1. LORD'S, LONDON
It may not have the intimidatory size of the MCG, but Lord's is known as the Home of Cricket for a good reason. Part of this is due to the idiosyncrasies, such as the sloping pitch and the honours board that all cricketers want to get their name engraved upon. The latter can be seen on the daily tours of the ground, which also venture into the players' dressing rooms and the Long Room – a members'-only haunt that batsmen pass through on their way to the pitch.
The tour finishes off in the MCC Museum, which delves into cricket history, but – more importantly – has the much sought-after Ashes urn on display. See lords.org
2. TWICKENHAM, LONDON
Twickenham isn't quite to rugby union what Lord's is to cricket – and it's arguable that the Principality Stadium in Cardiff is the real heart of British rugby. But it gives it a good go as home to the World Rugby Museum. This traces the history of the game, from William Webb Ellis picking up the ball on the school playing field to All Black dominance, and houses thousands of items of memorabilia. These include the Calcutta Cup – the sport's oldest trophy – and the world's oldest international rugby jersey. A 2017 revamp brought the museum kicking and screaming into the contemporary era. See worldrugbymuseum.com
3. OLD TRAFFORD, MANCHESTER
The rebuilt Wembley Stadium is where the England national team plays, but Manchester United – England's most successful club side, with a global fanbase of millions, call 74,994 person capacity Old Trafford home. It's also where the rugby league Super League final is held.
For United supporters, obviously the stadium tour and gushingly hagiographic museum is going to have plenty of appeal. For everyone else, the tour's strength is that it shines a light on how all the elements of a big stadium – catering, policing, media and more – are pulled together on match days. See manutd.com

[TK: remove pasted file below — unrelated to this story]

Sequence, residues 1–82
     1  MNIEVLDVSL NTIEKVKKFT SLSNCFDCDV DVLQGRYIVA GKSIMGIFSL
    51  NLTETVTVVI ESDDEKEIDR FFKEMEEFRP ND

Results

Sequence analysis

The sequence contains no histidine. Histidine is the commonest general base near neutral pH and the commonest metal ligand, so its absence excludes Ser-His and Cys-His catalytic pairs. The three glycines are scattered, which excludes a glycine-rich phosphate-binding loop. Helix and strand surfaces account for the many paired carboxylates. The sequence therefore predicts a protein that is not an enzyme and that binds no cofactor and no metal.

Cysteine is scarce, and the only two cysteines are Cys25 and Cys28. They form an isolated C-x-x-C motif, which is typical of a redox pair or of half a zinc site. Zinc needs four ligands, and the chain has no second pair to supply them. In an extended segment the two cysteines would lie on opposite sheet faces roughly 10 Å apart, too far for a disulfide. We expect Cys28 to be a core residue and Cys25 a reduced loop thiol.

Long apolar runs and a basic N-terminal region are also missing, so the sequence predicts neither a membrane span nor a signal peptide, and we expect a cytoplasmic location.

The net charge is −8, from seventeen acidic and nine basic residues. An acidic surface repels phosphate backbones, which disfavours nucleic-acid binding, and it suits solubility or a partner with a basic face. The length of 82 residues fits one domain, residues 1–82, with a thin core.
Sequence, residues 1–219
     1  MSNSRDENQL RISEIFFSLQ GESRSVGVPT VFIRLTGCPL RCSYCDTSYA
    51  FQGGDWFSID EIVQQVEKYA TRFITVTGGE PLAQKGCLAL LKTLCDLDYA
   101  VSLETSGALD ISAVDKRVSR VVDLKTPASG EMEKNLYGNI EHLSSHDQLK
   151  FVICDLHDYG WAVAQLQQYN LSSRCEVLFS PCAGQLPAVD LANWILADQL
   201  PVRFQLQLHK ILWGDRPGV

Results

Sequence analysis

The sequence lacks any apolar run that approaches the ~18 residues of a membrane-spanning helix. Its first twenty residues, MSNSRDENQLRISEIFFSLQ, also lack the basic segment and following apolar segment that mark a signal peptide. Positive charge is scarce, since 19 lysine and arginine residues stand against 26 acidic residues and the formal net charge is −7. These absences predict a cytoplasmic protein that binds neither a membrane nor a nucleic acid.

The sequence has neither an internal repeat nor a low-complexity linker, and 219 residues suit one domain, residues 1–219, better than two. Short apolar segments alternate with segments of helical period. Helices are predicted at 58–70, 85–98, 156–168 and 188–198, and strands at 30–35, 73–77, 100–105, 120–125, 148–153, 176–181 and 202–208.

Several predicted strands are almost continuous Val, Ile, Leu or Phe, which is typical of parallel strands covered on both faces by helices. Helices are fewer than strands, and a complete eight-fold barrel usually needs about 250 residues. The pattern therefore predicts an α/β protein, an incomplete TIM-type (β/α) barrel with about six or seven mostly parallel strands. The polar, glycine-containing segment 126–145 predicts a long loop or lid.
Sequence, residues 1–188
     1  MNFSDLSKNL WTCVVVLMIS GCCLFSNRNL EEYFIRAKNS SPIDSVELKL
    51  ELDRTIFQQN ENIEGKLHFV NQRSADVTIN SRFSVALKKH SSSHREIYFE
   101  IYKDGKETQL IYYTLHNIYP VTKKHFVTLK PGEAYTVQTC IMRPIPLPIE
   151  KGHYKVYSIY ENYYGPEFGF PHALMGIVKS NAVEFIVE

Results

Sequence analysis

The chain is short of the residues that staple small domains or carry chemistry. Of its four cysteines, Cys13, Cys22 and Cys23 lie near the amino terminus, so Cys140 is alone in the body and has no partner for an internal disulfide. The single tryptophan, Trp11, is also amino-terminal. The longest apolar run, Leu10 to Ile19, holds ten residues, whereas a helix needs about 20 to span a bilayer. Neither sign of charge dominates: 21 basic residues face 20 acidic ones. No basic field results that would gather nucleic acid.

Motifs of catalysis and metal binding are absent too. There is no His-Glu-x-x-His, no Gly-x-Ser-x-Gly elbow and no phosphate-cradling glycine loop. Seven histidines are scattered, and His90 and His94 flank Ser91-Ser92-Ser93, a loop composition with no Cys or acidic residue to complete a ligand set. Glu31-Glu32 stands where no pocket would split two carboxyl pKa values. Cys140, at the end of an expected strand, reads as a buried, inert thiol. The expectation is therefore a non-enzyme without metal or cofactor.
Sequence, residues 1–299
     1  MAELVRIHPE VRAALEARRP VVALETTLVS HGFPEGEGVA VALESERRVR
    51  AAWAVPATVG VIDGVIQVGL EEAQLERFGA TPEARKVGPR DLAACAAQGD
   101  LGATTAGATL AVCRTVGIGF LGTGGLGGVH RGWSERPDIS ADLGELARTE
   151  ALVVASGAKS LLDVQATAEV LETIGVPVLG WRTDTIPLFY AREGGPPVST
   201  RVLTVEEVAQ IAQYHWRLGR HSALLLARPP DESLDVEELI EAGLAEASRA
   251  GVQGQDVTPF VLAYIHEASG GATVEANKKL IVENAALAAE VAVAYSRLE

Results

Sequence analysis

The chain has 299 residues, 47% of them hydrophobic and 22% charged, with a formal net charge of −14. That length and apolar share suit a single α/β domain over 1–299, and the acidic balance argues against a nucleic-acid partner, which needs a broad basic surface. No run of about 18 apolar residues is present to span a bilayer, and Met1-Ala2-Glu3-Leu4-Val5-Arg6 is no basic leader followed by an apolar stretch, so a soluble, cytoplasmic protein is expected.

4. THE CRUCIBLE THEATRE, SHEFFIELD
Sheffield should be on any football pilgrim's trail – the Sandygate Road ground of Hallam FC is the world's oldest football ground, and Sheffield FC the world's oldest team. But the city is best known for the green baize.
Snooker's high temple is unusual among sporting venues in that, aside from when the World Snooker Championships come to town every April, it is used for something completely different. For most of the year, the Crucible is a theatre – and one renowned for its intimacy. The audience is seated on three sides, with no seat more than 20 metres away from the performers. See sheffieldtheatres.co.uk
5. WIMBLEDON, LONDON
Roger Federer after his win against Adrian Mannarino on day seven of Wimbledon in 2018. Photo: AAP
Home to one of the four tennis grand slam tournaments, Wimbledon is the epicentre of Pimms, bunting and strawberries-with-cream Englishness. Tours head into the media centre and the interview room as well as on to the fabled Centre Court. There are also lots of interesting behind-the-scenes snippets, such as information on how the grass is kept in tip-top condition.
The on-site museum has plenty of clothing and equipment donated by the tennis greats, as well as the trophies handed out to the champions every year, although the quirkier sections – such as the one on changing tennis fashions – end up being more interesting. See Wimbledon.com
6. ST ANDREWS LINKS, SCOTLAND
The self-styled home of golf is purported to be where the game was first played at least 600 years ago, and while there are seven courses at St Andrews to choose from, it's the Old Course where the legends have been created. The good news is that playing the Old Course is not a membership-only thing. The bad news is that you need very, very advanced booking or to get lucky in a ballot. The alternative is to take one of the walking tours with a golf-mad expert guide. This visits the 1st, 17th and 18th holes of the Old Course, and gives you a scorecard to take away as a souvenir. See standrews.com
David Whitley was a guest of Visit Manchester.